BEGIN:VCALENDAR PRODID:-//Microsoft Corporation//Outlook 16.0 MIMEDIR//EN VERSION:2.0 METHOD:PUBLISH X-MS-OLK-FORCEINSPECTOROPEN:TRUE BEGIN:VTIMEZONE TZID:Eastern Standard Time BEGIN:STANDARD DTSTART:16011104T020000 RRULE:FREQ=YEARLY;BYDAY=1SU;BYMONTH=11 TZOFFSETFROM:-0400 TZOFFSETTO:-0500 END:STANDARD BEGIN:DAYLIGHT DTSTART:16010311T020000 RRULE:FREQ=YEARLY;BYDAY=2SU;BYMONTH=3 TZOFFSETFROM:-0500 TZOFFSETTO:-0400 END:DAYLIGHT END:VTIMEZONE BEGIN:VEVENT CLASS:PUBLIC CREATED:20191114T194240Z DESCRIPTION:The NASA Sensors & Instrumentation Community invites you to att end the following webcast:\nQuantum Technologies for Next Generation Senso r Networks Presented by Jason Mitchell \, GSFC - Open to the public (subject to change)\nWatc h & Share: https://go.nasa.gov/32SnYBX \n \nAbstract: \n \nAccurate refere nce clocks are critical to navigation. Global Navigation Satellite Systems (GNSS)\, principally the Global Positioning System (GPS)\, provide the pr ecise space-based clocks that have revolutionized navigation and timekeepi ng terrestrially and within the Interoperable Space Service Volume (SSV)\, i.e.\, near Earth including above the GNSS constellations. Unfortunately\ , for spacecraft navigation beyond Earth into deep space\, GNSS is not ava ilable.\n \nWhile GNSS constellations are unavailable to spacecraft in dee p space\, observing X-ray emissions from rapidly spinning neutron stars\, called millisecond pulsars (MSPs)\, has been shown to fill that gap\; a pr ocess often referred to as X-ray Navigation (XNAV). MSPs are distributed t hroughout our galaxy and many pulsate at intervals so regular that they ri val terrestrial atomic clocks on long time scales\, similar to those clock s contained in GNSS satellites. By carefully timing these pulsations\, an XNAV equipped spacecraft can use these celestial lighthouses to autonomous ly determine its absolute position\, with uniform accuracy\, anywhere with in our Solar System and even beyond. This is in contrast to conventional p osition determination using Earth-based tracking\, in which a communicatio n link back to Earth is required and accuracy degrades as the distance fro m Earth grows.\n \nIn this webcast\, results will be presented of the Stat ion Explorer for X-ray Timing and Navigation Technology (SEXTANT) demonstr ation\, which successfully executed the first on-orbit use of XNAV to perf orm autonomous onboard and real-time space navigation. SEXTANT was a NASA Space Technology Mission Directorate (STMD) Game Changing Development (GCD ) program funded technology enhancement to the Neutron-star Interior Compo sition Explorer (NICER) mission\, which is currently operating on the Inte rnational Space Station (ISS). \n \nWatch & Share: https://go.nasa.gov/32S nYBX\n DTEND;TZID="Eastern Standard Time":20191119T150000 DTSTAMP:20191114T194240Z DTSTART;TZID="Eastern Standard Time":20191119T140000 LAST-MODIFIED:20191114T194240Z LOCATION:Virtual (see enclosed) PRIORITY:5 SEQUENCE:0 SUMMARY;LANGUAGE=en-us:Sensors & Instrumentation Webcast: Demonstrating a G alactic Positioning System Using X-ray Emitting Millisecond Pulsars TRANSP:OPAQUE UID:040000008200E00074C5B7101A82E00800000000F08AD544F89AD501000000000000000 010000000AAA93A33764E02409177BB9E51B25820 X-ALT-DESC;FMTTYPE=text/html:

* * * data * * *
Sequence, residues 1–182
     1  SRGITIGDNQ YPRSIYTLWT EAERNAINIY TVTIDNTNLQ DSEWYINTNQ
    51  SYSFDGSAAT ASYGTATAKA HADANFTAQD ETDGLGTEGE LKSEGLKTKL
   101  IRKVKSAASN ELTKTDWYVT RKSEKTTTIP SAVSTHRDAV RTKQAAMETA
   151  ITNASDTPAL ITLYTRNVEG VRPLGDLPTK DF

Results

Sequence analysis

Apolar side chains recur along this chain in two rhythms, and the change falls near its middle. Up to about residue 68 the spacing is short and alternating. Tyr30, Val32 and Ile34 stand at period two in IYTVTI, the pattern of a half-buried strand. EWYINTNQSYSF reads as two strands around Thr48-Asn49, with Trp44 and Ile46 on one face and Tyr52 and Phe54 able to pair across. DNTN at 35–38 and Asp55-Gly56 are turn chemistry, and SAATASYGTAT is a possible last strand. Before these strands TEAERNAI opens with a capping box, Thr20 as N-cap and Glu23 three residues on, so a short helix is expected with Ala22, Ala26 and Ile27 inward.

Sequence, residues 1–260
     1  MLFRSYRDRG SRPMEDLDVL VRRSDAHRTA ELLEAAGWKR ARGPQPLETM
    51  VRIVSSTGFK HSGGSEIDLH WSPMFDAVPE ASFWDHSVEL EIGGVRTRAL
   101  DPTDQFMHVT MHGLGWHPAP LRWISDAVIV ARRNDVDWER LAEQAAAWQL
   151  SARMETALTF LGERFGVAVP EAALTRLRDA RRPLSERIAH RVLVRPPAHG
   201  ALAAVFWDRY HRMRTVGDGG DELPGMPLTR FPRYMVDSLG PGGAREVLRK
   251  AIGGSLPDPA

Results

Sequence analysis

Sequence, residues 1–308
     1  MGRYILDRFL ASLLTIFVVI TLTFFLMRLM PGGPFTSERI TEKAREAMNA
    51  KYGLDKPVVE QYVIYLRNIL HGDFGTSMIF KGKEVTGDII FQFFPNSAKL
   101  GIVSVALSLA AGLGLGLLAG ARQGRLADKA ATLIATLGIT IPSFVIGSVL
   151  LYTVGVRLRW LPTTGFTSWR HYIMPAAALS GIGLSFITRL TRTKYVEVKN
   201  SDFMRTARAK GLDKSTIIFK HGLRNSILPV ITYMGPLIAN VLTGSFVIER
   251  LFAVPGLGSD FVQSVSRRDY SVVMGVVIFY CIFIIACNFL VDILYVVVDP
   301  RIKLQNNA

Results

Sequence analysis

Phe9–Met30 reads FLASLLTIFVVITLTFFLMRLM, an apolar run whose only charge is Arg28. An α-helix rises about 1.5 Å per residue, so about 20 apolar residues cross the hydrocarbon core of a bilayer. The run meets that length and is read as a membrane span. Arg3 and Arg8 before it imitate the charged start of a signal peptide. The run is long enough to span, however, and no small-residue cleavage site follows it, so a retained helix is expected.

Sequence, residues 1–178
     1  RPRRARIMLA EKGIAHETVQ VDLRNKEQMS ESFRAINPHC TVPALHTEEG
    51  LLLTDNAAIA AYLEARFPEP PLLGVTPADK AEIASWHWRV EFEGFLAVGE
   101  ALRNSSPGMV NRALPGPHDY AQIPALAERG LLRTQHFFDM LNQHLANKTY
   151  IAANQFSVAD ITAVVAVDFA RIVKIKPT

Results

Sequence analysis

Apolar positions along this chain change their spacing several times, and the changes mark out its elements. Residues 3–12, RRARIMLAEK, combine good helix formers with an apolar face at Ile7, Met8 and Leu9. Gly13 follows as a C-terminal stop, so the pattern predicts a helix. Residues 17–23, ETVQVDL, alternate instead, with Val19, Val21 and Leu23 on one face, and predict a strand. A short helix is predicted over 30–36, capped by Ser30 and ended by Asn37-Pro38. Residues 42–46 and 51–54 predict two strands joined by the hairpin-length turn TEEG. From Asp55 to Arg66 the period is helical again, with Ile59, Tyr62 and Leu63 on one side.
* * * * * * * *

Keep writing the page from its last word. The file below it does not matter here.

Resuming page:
The NASA Sensors &\; Instrumentation Community invites you to atten d the following webcast:

Quan tum Technologies for Next Generation Sensor Networks Presented by Jason Mitchell\ , GSFC - Open to the public (subject to change)

Watch &\; Share: https://go.nasa.gov/32SnYBX

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Abstract:

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Accurate reference clocks are critical to navigation. Global Navigation Satellite Systems (GNSS)\, principally the Global Positioning System (GPS) \, provide the precise space-based clocks that have revolutionized navigat ion and timekeeping terrestrially and within the Interoperable Space Servi ce Volume (SSV)\, i.e.\, near Earth including above the GNSS constellation s. Unfortunately\, for spacecraft navigation beyond Earth into deep space\ , GNSS is not available.

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While GNSS constellations are unavailable t o spacecraft in deep space\, observing X-ray emissions from rapidly spinni ng neutron stars\, called millisecond pulsars (MSPs)\, has been shown to f ill that gap\; a process often referred to as X-ray Navigation (XNAV). MSP s are distributed throughout our galaxy and many pulsate at intervals so r egular that they rival terrestrial atomic clocks on long time scales\, sim ilar to those clocks contained in GNSS satellites. By carefully timing the se pulsations\, an XNAV equipped spacecraft can use these celestial lighth ouses to autonomously determine its absolute position\, with uniform accur acy\, anywhere within our Solar System and even beyond. This is in contras t to conventional position determination using Earth-based tracking\, in w hich a communication link back to Earth is required and accuracy degrades as the distance from Earth grows.

 \;

In this webcast\, results will be presented of the Station Explorer for X-ray Timing and Navigation Technolo gy (SEXTANT) demonstration\, which successfully executed the first on-orbi t use of XNAV to perform autonomous onboard and real-time space navigation . SEXTANT was a NASA Space Technology Mission Directorate (STMD) Game Chan ging Development (GCD) program funded technology enhancement to the Neutro n-star Interior Composition Explorer (NICER) mission\, which is currently operating on the International Space Station (ISS).

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Watch &\; Share: https://go.nasa.gov/32SnYBX

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